So, while Israel has prevailed in the conflict over its creation that has raged since 1948, it has been unable to end that conflict on its own terms. The Palestinians driven out during the Nakbah have not simply disappeared or been absorbed into surrounding Arab populations, as Israel’s founders had hoped. And without justice for the Palestinians, Israel is no closer now than it was 60 years ago to being able to live in a genuine peace with its neighbors.

At this point, however, the Israelis don’t seem to care.

The curious irony of history, though, is that while the Zionist movement managed to successfully create a nation state in the Middle East against considerable odds, that movement is dead — the majority of Jews quite simply don’t want to be part of a Jewish nation-state in the Middle East. And so the very purpose of Israel has come into question. It’s certainly not the “national home of the Jews,” as much as the Zionists huff and puff about this being the case (frankly, anyone who tells me my “national home” as a Jew is somewhere other than where I was born or chose to live, is an anti-Semite in my book, but let’s not go there for now) — the simple fact is that almost two thirds of us have chosen freely to live elsewhere, and have no intention of ever settling in Israel. Jewish immigration to Israel is at an all-time low, and that’s unlikely to change. In a world where persecution of Jews is increasingly marginal, the majority of Jews prefer to live scattered among the peoples, rather than in an ethnic enclave of our own. That’s what we’ve chosen.

Curiously enough, the very “normality” achieved by Israel in an era of globalization has prompted three quarters of a million Israeli Jews to move abroad. “You have wonderful children,” Ehud Olmert told a gathering of French Jewish leaders two years ago. “I wish they would come home.” Not only are the bulk of French Jews not planning to move to Israel, the supreme irony is that Olmert’s own sons have joined the quiet exodus of Israeli-born Jews leaving Israel to live abroad. Today, it has become the norm for any Israeli who can to acquire a foreign passport.

Israel may be an intractable historical fact, but the Zionist ideology that spurred its creation and shaped its identity and sense of national purpose has collapsed – not under pressure from without, but having rotted from within. It is Jews, not Jihadists, that have consigned Zionism to the dustbin of history.

So what, exactly, is Israel, now? Avram Burg, former Knesset Speaker, appeared to sense the writing on the wall in his plaintive op ed in 2003:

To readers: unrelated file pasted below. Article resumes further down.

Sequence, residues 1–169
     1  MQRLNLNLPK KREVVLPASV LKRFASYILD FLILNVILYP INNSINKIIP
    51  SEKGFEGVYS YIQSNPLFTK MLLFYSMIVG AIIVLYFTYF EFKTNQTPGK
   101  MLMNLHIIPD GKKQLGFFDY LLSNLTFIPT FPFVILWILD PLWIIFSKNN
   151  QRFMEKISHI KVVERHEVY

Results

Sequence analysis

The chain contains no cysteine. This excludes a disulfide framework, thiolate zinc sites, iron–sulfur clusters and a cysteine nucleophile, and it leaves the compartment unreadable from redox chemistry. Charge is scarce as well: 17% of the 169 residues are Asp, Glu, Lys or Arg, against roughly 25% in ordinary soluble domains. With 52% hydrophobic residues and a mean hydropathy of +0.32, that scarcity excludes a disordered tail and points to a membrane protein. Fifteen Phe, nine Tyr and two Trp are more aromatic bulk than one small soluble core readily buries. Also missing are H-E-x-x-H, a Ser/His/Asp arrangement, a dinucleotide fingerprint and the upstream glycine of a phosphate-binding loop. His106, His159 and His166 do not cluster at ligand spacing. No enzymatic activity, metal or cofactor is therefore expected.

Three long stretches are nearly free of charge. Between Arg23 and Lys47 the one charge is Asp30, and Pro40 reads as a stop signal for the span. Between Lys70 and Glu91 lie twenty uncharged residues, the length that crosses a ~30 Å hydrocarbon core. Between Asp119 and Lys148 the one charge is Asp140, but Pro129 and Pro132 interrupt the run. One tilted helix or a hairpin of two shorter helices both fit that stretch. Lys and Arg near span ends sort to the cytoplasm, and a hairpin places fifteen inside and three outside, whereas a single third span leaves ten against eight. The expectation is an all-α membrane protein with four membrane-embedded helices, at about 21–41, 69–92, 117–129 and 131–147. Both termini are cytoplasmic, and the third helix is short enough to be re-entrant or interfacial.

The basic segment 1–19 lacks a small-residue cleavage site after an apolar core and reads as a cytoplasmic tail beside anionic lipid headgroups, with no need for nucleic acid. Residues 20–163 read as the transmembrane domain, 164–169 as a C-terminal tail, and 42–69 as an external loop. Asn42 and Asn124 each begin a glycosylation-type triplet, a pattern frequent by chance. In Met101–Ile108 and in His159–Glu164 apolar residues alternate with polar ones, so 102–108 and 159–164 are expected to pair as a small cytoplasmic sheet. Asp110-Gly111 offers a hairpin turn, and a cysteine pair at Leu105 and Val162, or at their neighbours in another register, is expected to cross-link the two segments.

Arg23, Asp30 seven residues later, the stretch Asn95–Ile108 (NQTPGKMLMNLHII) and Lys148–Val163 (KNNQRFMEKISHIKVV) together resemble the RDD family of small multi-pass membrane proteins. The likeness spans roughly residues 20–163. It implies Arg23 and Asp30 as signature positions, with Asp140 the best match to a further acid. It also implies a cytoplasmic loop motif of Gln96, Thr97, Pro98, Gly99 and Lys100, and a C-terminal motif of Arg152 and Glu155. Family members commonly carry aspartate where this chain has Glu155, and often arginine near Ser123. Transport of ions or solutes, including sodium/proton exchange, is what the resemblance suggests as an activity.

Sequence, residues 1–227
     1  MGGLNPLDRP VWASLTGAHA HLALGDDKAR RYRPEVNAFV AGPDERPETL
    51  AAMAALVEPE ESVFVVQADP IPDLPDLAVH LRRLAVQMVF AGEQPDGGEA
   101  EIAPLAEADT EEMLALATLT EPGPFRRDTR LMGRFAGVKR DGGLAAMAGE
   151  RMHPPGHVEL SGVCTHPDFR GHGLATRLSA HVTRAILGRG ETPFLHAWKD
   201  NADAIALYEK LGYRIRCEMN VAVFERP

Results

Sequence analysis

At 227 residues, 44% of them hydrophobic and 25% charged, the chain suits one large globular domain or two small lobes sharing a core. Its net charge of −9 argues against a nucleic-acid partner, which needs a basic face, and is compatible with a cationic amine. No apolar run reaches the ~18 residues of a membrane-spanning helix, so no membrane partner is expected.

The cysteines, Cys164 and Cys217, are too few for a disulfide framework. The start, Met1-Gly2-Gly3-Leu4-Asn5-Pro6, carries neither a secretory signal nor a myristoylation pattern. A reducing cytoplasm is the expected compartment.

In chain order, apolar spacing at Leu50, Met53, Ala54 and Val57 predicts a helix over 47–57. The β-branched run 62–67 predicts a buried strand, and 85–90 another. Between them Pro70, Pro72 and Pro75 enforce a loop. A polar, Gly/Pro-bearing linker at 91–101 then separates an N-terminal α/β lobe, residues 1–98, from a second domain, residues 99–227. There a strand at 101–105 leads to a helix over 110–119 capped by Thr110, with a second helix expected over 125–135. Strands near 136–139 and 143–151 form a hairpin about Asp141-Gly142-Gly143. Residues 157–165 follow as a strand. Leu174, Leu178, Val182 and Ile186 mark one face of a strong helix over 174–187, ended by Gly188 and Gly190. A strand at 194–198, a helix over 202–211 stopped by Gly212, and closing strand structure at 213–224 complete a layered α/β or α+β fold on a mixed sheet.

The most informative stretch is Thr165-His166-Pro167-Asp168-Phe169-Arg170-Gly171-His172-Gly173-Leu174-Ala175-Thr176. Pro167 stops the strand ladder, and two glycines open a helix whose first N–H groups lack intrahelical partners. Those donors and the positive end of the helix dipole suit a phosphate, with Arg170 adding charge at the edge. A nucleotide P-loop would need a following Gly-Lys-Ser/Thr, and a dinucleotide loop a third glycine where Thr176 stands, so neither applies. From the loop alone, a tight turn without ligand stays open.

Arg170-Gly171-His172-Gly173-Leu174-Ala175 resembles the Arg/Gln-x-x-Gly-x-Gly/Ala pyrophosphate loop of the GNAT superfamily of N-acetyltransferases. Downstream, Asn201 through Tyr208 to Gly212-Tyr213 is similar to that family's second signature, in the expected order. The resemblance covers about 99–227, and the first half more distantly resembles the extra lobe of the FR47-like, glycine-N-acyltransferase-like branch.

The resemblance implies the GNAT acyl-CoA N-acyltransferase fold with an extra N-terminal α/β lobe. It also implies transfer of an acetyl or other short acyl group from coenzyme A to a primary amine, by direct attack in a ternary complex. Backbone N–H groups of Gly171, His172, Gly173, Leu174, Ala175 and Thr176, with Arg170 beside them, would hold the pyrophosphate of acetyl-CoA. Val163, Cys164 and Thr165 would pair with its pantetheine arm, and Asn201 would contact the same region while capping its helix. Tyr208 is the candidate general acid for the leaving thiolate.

We live in a thunderously failed reality. Yes, we have revived the Hebrew language, created a marvellous theatre and a strong national currency. Our Jewish minds are as sharp as ever. We are traded on the Nasdaq. But is this why we created a state? The Jewish people did not survive for two millennia in order to pioneer new weaponry, computer security programs or anti-missile missiles. We were supposed to be a light unto the nations. In this we have failed.

It turns out that the 2,000-year struggle for Jewish survival comes down to a state of settlements, run by an amoral clique of corrupt lawbreakers who are deaf both to their citizens and to their enemies. A state lacking justice cannot survive. More and more Israelis are coming to understand this as they ask their children where they expect to live in 25 years. Children who are honest admit, to their parents’ shock, that they do not know. The countdown to the end of Israeli society has begun.

What Burg seemed to recognize is the absurdity of seeing the modern State of Israel as some kind of prophetic fulfillment of the Jewish story. If we were to imagine that this, indeed, was what God had intended, we’re imagining a deity with a very, very twisted sense of humor. Three years later, Burg concluded that he could no longer think of himself as Zionist, and recognized that Zionism itself had become an obstacle to Israelis finding peace — and to his own pursuit of his Jewish values.

II. Israel is a Monument to Anti-Semitism…

I visited Israel the year I finished high school, which was the 30th anniversary of its founding. My officially-organized itinerary (I was there as part of a Habonim contingent for intensive ideological training) started the same way as those of any visiting head of state today: At the Holocaust museum at Yad Vashem.